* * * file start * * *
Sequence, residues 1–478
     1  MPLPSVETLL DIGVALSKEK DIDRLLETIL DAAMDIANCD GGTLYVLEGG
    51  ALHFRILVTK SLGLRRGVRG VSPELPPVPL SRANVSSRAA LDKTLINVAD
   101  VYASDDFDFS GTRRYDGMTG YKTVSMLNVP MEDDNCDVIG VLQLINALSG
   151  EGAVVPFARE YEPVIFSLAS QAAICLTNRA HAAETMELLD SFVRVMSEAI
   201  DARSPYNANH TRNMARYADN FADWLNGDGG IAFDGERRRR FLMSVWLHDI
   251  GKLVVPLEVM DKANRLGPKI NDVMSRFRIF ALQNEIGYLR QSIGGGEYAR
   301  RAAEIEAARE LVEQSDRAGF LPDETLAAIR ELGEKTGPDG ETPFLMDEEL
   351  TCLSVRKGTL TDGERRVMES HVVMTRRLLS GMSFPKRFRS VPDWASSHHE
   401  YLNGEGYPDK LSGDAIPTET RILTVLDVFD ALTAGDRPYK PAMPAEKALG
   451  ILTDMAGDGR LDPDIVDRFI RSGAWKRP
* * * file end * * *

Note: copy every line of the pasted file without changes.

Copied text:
Sequence, residues 1–478
     1  MPLPSVETLL DIGVALSKEK DIDRLLETIL DAAMDIANCD GGTLYVLEGG
    51  ALHFRILVTK SLGLRRGVRG VSPELPPVPL SRANVSSRAA LDKTLINVAD
   101  VYASDDFDFS GTRRYDGMTG YKTVSMLNVP MEDDNCDVIG VLQLINALSG
   151  EGAVVPFARE YEPVIFSLAS QAAICLTNRA HAAETMELLD SFVRVMSEAI
   201  DARSPYNANH TRNMARYADN FADWLNGDGG IAFDGERRRR FLMSVWLHDI
   251  GKLVVPLEVM DKANRLGPKI NDVMSRFRIF ALQNEIGYLR QSIGGGEYAR
   301  RAAEIEAARE LVEQSDRAGF LPDETLAAIR ELGEKTGPDG ETPFLMDEEL
   351  TCLSVRKGTL TDGERRVMES HVVMTRRLLS GMSFPKRFRS VPDWASSHHE
   401  YLNGEGYPDK LSGDAIPTET RILTVLDVFD ALTAGDRPYK PAMPAEKALG
   451  ILTDMAGDGR LDPDIVDRFI RSGAWKRP